On the sixth day, the kids set up barricades blocking the main road north out of the City of London for nearly seven hours, because Rashan Charles is dead and they want justice.
It was an initiative that deserves not to be lost amid the lies and hype about “rioters”, and I’ll come back to it below.
Rashan never saw the enormous wealth of the City, the shining financial district just over the borough boundary. The gentrified bars and trendy hangouts of Shoreditch, just down the road, and Dalston, just up the road, are there for rich white hipsters and tourists: their prices make clear who is welcome and who is not.
The young people, the poor people, the workers and the pensioners who have long made up multiracial Hackney are being driven to the margins here now.
Housing costs are pushing long-term residents far out of the borough, old-school local pubs and greasy spoon cafes struggle to meet the rising rents. The once-busy and bustling Kingsland Waste market – where people could get tools and clothes and household goods cheaply – was strangled by the council, the fire station was closed by Boris Johnson.
Rashan, a young black man aged just 20, was unemployed, but friends said he was doing his best to turn his life around after the birth of his own little child.
That baby, loved and looked after by young Rashan, will grow up without a dad now, because Rashan died after what we are supposed to politely term “contact with police”.
Arrested in the local shop, thrown to the ground, head banging off the floor and the fridge cabinet, with a heavy-looking police officer all over his head and neck and upper body as he lay face down… Rashan died on 22 July.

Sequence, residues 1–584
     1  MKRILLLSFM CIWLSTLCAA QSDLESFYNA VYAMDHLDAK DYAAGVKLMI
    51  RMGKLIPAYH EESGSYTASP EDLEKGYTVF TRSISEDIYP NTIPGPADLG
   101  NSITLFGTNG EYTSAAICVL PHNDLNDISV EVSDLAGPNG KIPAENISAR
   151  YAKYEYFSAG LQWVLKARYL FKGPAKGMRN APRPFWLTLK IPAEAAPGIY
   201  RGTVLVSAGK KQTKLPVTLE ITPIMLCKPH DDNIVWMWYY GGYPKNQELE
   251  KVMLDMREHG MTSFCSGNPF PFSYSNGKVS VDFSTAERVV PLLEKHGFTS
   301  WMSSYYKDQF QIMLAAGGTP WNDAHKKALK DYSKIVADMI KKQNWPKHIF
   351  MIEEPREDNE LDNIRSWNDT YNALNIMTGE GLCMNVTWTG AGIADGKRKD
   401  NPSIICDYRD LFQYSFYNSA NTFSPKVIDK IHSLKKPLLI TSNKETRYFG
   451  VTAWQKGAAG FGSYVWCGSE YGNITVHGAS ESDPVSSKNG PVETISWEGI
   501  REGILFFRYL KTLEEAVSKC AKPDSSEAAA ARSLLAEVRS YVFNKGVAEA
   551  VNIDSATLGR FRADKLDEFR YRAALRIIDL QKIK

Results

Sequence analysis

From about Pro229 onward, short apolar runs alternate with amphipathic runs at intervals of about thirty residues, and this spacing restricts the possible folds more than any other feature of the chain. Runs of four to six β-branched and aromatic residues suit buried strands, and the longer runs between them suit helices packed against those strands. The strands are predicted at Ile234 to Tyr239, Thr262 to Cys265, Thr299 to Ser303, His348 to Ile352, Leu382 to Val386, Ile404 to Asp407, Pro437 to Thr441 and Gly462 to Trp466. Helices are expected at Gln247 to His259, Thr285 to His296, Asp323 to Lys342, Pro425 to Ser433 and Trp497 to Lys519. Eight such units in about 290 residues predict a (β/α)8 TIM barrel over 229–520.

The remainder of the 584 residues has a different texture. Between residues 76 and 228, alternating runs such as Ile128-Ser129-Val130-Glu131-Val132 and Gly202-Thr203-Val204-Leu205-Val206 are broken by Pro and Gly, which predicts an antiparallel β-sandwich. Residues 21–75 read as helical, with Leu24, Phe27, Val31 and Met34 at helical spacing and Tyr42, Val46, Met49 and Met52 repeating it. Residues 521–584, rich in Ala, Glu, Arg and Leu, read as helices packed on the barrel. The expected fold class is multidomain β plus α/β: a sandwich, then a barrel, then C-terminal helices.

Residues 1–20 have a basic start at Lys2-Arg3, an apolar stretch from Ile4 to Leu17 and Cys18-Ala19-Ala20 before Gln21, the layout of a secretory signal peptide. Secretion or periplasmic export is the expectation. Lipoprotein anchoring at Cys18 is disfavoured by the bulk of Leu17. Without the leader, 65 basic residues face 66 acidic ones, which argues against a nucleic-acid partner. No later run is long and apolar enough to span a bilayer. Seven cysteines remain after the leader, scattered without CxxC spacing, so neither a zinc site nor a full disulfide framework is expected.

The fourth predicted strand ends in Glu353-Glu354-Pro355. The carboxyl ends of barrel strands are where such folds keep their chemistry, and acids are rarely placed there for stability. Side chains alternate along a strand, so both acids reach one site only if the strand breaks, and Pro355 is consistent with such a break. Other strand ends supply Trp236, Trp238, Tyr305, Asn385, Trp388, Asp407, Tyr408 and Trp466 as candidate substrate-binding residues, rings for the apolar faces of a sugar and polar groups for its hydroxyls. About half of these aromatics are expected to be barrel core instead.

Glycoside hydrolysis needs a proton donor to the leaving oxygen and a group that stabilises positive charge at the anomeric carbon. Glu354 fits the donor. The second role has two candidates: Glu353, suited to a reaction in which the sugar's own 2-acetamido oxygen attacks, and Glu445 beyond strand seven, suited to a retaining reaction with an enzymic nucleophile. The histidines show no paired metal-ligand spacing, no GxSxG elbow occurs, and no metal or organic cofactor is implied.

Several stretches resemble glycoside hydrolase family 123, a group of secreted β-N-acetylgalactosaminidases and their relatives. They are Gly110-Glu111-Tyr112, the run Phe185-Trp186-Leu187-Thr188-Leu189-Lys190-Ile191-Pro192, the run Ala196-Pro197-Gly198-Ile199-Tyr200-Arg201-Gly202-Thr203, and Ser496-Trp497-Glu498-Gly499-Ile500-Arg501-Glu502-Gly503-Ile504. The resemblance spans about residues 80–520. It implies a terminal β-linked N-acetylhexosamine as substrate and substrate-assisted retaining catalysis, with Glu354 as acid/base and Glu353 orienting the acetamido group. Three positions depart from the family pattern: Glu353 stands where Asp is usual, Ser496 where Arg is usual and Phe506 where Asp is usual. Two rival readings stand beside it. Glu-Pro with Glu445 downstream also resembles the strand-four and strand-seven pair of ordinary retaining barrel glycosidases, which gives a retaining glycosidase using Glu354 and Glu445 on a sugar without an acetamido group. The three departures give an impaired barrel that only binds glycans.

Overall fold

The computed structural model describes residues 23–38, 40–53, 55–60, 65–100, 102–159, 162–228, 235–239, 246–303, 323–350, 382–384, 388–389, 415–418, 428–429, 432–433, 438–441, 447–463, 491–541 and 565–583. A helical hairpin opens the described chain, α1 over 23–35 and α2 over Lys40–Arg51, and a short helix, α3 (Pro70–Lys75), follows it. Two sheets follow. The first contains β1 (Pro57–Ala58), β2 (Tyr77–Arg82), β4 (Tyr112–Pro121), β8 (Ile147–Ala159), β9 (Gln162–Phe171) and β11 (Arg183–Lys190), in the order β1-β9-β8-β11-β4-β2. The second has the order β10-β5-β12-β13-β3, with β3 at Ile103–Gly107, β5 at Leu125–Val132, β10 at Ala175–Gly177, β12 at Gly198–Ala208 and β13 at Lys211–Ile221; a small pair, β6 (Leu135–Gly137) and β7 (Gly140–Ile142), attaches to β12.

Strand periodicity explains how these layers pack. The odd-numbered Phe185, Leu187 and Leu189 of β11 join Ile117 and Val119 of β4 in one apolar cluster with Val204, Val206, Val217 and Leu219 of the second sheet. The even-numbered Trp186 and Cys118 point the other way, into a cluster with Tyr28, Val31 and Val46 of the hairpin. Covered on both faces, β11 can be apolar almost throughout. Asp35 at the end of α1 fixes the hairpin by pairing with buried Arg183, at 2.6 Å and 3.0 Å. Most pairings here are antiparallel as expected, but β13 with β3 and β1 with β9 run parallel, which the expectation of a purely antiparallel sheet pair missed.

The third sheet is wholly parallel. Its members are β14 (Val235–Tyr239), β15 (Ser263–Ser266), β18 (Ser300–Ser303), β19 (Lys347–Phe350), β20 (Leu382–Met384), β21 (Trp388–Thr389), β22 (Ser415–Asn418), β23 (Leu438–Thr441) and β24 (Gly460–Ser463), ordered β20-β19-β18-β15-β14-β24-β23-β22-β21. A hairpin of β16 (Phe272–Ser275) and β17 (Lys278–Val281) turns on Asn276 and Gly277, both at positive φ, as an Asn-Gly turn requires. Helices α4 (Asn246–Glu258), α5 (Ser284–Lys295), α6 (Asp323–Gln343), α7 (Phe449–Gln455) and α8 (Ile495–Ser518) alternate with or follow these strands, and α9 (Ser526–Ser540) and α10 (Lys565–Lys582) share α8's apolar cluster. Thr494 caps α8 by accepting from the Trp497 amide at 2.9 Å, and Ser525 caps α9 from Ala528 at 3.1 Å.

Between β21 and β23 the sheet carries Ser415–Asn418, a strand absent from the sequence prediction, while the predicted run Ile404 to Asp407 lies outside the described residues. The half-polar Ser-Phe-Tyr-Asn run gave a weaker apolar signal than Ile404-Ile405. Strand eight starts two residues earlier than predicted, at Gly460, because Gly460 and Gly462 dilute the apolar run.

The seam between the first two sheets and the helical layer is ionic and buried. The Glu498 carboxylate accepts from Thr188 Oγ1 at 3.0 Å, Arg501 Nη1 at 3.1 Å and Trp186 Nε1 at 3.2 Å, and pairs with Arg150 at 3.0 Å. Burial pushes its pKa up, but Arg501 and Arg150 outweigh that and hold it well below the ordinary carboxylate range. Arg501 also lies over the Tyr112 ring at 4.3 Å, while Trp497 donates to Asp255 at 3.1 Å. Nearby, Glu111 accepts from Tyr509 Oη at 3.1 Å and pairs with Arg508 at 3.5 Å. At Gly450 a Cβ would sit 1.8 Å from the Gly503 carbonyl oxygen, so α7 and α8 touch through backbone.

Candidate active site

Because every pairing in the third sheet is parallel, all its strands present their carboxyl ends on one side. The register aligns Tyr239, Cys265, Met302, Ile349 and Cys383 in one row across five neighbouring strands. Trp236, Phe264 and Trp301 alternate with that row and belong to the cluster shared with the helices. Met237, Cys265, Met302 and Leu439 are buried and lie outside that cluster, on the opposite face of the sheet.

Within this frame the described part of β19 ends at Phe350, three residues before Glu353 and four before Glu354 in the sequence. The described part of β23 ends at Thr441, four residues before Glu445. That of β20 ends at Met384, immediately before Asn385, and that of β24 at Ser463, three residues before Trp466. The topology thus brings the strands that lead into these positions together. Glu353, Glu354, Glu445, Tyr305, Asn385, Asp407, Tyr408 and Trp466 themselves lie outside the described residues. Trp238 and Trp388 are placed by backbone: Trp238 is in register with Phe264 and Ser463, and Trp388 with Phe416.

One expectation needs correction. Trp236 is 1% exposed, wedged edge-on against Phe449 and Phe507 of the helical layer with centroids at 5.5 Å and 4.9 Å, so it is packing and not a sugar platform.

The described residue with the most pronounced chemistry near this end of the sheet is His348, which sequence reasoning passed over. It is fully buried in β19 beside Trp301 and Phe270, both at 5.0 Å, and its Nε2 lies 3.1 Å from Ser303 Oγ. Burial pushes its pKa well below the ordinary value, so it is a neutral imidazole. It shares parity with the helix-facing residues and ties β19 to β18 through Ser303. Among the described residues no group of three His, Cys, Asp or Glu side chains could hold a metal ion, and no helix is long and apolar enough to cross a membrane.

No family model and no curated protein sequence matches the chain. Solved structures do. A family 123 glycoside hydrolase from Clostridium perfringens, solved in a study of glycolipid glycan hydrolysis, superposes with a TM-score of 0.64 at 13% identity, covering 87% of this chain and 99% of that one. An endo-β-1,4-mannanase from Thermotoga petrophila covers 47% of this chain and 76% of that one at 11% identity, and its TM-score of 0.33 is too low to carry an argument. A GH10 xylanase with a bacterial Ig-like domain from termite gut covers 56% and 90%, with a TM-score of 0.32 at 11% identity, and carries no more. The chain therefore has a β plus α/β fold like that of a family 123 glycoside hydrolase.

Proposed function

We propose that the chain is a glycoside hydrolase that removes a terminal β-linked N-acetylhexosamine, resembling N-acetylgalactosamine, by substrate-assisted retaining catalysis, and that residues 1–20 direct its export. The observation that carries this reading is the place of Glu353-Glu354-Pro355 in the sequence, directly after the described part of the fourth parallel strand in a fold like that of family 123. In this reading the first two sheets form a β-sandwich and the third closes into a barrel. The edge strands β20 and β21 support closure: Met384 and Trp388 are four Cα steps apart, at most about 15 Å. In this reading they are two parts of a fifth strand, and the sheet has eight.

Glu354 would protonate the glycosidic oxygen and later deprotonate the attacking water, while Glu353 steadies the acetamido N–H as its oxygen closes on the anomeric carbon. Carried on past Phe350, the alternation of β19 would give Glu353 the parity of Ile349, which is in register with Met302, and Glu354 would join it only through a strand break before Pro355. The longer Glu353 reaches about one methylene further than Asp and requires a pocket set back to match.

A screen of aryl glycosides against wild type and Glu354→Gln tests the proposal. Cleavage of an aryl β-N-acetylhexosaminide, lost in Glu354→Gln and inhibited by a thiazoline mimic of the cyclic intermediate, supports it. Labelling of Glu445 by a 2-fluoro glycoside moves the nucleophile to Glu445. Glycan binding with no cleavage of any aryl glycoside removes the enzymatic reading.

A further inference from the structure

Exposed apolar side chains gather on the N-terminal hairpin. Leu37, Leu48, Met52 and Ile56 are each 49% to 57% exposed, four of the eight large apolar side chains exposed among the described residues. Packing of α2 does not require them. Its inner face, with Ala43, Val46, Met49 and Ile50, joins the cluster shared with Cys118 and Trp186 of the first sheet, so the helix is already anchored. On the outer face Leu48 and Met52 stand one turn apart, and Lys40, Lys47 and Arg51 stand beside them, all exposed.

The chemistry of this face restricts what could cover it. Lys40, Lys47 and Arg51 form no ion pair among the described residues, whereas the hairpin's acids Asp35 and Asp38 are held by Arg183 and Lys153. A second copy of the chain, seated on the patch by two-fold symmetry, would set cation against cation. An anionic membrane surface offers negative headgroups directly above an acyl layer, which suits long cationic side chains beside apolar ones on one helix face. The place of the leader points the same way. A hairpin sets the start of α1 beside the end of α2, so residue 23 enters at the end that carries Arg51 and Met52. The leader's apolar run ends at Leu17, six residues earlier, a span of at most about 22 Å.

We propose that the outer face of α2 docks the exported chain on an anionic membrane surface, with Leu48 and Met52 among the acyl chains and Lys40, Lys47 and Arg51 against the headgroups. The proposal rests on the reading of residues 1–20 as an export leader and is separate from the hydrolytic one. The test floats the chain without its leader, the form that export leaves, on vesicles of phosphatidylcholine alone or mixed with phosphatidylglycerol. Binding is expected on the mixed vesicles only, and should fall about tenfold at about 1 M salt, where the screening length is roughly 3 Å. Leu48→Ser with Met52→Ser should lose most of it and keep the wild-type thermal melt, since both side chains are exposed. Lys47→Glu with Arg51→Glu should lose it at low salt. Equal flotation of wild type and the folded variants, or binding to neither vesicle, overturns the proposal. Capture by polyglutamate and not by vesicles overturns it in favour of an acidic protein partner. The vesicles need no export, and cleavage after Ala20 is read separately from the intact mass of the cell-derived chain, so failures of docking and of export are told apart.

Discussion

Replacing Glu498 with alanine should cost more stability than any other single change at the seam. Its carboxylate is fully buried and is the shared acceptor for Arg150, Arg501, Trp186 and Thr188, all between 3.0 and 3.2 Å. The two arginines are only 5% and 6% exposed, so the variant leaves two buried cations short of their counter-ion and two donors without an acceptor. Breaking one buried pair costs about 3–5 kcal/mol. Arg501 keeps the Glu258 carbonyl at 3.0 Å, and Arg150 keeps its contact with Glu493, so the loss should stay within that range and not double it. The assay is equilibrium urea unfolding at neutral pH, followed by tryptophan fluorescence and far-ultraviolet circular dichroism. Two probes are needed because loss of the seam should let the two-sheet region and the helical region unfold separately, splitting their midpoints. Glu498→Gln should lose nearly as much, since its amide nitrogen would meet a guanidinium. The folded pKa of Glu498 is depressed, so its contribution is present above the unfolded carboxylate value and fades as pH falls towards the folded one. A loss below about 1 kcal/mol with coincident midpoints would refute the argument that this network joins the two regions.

His death would have been unknown and unreported if his friends had not spent the next day circulating the horrendous CCTV footage of his death on social media with the hashtag #JusticeForRash. They pushed and pushed until a few news outlets grudgingly picked up the story. That was the first day.
On the second day, we marched. Hundreds assembled outside Stoke Newington police station, further up the road, at a protest called by Stand Up to Racism. The protestors – many of them black, but also white, Asian, Turkish and Kurdish people – gathered together: angry, heavy-hearted and appalled.
But not totally surprised. This is the second time a young black man has died after “contact with police” in east London in a month. Edson Da Costa, 25 years old and also a father, died in Newham.
Rashan met his untimely end on 22 July – the anniversary of the police shooting dead Brazilian electrician Jean-Charles de Menezes in Stockwell in 2005. Friday 4 August will mark six years since the police killed Mark Duggan in Tottenham. There is not enough room in the calendar for all these grim anniversaries.
And Stoke Newington police station is notorious for its death rate. There have been many Hackney victims over the years – we used to have an annual march to remember them.
Who killed Colin Roach? Who killed Michael Ferreira? Who killed Aseta Simms? Who killed Tunay Hassan? Who killed Shiji Lapite? Who killed Harry Stanley? What exactly happened to Trevor Monerville inside Stoke Newington police station that day?
There are speeches outside the police station, but tension too. Hurt, angry people asking those around them, what is going on? How much are we supposed to take?
The police are clearly not going to keep the road open outside the cop shop. A long line of buses, parked up and emptied of passengers, stretches south. Children decorate the windows of the one at the front with placards: “Black lives matter.”
You can feel the anger in the demo – and also the fear: the parents of small black children holding their hands extra tight. In a release of energy the whole crowd moves off quite suddenly southwards.
I saw my workmate A up there by the cop shop, and other friends. The march gained in size as it moved down the road, pulling in people from the crowded Monday evening pavements. The chanting is loud and heartfelt. Another workmate, N, pops up beside me with his bike.